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Oakland, California 94609


This is a study to determine if oral arginine will increase nitric oxide in sickle cell disease (SCD) patients with acute chest syndrome (ACS). It will also assess the effects of arginine in the body and how the body uses nitric oxide in ACS.

Study summary:

Pneumonia in patients with SCD can be particularly severe and has come to be called acute chest syndrome. ACS is a common cause of morbidity in SCD patients and is the most common cause of death in SCD. Multiple factors are involved in the severity of acute pulmonary injury in SCD. Nitric oxide has a multitude of related functions, many of which could impact favorably on ACS in SCD. Nitric oxide is an important inflammatory mediator which is produced by the conversion of L-arginine to citrulline by nitric oxide synthase. Nitric oxide and its precursor, arginine, are known to be low in SCD patients with ACS, suggesting that therapies, such as arginine, aimed at increasing nitric oxide production will improve the clinical course of ACS. Patients will receive 1 of 3 doses of arginine hydrochloride orally 3 times a day for 3 days while hospitalized. The efficacy of arginine will be measured by the increase in nitric oxide production and the physiological effects will be assessed. Completion date provided represents the completion date of the grant per OOPD records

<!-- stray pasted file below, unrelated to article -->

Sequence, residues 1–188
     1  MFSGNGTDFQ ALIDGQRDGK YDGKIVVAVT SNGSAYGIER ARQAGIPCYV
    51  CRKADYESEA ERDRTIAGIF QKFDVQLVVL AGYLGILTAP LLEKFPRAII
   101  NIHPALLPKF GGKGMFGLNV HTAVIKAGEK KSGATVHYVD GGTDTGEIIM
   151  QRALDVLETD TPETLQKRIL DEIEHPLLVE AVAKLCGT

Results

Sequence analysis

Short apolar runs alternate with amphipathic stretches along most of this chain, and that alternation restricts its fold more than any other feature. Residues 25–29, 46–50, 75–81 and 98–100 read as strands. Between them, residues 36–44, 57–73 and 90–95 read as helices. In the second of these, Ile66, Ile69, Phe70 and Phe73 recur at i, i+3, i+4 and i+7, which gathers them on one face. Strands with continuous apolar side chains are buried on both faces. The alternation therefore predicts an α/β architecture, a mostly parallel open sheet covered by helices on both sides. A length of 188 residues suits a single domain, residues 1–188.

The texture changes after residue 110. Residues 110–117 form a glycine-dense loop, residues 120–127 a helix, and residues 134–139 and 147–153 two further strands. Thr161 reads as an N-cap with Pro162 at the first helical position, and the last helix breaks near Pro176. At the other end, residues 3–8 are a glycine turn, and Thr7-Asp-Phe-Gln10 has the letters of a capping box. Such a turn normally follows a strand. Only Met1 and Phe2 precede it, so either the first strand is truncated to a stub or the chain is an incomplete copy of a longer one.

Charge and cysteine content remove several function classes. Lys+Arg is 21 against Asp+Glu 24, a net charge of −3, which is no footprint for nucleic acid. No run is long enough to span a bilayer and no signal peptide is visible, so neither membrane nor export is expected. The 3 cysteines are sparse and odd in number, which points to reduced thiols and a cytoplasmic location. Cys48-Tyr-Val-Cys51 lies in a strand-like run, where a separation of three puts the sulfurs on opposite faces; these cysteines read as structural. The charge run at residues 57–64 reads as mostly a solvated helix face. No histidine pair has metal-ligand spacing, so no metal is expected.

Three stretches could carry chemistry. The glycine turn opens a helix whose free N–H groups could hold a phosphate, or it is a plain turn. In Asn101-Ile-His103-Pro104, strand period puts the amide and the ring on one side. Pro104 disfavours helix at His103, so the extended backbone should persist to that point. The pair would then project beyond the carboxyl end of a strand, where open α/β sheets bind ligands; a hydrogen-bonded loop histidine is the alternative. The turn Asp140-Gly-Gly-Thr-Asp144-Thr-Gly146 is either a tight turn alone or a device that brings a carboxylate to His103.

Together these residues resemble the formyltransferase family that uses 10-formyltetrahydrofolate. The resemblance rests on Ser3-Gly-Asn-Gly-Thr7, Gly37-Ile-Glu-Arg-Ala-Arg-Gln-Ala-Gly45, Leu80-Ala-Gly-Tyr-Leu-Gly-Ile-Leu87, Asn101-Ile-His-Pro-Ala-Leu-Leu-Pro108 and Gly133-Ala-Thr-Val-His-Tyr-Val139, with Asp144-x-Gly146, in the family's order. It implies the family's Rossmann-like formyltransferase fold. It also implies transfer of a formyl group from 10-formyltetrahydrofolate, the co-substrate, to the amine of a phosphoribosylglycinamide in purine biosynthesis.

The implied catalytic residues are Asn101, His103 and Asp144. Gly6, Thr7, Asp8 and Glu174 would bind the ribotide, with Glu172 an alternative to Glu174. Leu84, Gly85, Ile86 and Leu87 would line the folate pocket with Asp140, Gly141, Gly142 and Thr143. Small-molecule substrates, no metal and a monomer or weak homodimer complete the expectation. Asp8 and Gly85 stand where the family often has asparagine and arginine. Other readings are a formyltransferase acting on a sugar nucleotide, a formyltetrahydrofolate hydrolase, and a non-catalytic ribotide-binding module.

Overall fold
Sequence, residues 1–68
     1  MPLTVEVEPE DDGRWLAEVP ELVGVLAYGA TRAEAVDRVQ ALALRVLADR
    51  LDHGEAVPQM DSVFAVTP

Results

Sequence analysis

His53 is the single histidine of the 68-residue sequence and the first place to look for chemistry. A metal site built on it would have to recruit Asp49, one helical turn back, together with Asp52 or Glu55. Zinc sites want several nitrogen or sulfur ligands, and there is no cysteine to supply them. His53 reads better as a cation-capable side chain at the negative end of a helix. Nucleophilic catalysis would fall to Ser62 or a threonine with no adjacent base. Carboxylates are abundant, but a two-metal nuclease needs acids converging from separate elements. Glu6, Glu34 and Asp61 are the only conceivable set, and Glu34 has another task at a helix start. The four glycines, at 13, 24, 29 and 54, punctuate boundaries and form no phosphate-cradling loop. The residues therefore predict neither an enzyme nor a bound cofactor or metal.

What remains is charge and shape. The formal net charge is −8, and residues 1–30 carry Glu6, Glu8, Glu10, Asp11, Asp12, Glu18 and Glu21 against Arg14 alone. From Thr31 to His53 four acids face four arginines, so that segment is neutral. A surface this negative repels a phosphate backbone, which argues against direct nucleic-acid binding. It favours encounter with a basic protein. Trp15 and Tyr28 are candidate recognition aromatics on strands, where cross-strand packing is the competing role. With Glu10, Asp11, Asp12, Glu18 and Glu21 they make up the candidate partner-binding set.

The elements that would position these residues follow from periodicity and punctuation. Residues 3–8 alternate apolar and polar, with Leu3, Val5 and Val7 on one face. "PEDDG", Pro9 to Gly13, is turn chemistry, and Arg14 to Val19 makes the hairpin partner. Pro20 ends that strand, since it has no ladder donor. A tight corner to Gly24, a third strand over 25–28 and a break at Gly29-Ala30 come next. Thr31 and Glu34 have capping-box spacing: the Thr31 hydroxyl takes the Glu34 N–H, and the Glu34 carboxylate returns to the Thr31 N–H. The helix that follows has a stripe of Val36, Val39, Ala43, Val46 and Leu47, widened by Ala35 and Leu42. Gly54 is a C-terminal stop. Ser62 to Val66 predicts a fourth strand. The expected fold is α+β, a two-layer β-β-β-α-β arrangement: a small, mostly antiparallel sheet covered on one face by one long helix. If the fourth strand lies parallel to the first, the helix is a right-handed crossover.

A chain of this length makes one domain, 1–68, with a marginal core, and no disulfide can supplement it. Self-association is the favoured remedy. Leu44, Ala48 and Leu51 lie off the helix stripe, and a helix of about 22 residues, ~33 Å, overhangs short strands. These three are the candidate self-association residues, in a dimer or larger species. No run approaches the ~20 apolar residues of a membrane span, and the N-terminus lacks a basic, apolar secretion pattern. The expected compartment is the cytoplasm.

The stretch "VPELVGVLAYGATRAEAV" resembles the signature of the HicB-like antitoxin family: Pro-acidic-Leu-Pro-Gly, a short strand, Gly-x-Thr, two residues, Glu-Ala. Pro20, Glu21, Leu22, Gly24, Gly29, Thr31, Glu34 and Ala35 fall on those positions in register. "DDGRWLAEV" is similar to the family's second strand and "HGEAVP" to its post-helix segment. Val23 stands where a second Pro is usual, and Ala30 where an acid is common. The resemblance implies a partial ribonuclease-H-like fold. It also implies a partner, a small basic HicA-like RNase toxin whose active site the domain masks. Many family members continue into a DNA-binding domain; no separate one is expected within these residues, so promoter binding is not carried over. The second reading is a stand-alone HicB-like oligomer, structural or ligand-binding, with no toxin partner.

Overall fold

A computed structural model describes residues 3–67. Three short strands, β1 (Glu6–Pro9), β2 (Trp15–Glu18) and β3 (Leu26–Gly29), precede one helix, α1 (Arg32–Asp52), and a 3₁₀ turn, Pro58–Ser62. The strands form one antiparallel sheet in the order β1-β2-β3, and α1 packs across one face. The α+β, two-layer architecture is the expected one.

Inclusion criteria: - Diagnosis of sickle cell disease (Hb SS, SC, or Sbeta thalassemia) Acute chest syndrome with the following: - New pulmonary infiltrate on chest radiography involving a full segment of the lung and 1 of the following: - Fever - Cough, tachypnea, retractions, rales, or wheezing - Chest pain Exclusion criteria: - Inability to take or tolerate oral medications - Hepatic dysfunction (SGPT greater than 2 times normal) - Renal dysfunction (creatinine greater than 2 times normal) - Mental status or neurological changes - Allergy to arginine - History of priapism - Pregnancy



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Oakland, California 94609
United States

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Site Status: N/A

Data Source: ClinicalTrials.gov

Date Processed: October 09, 2019

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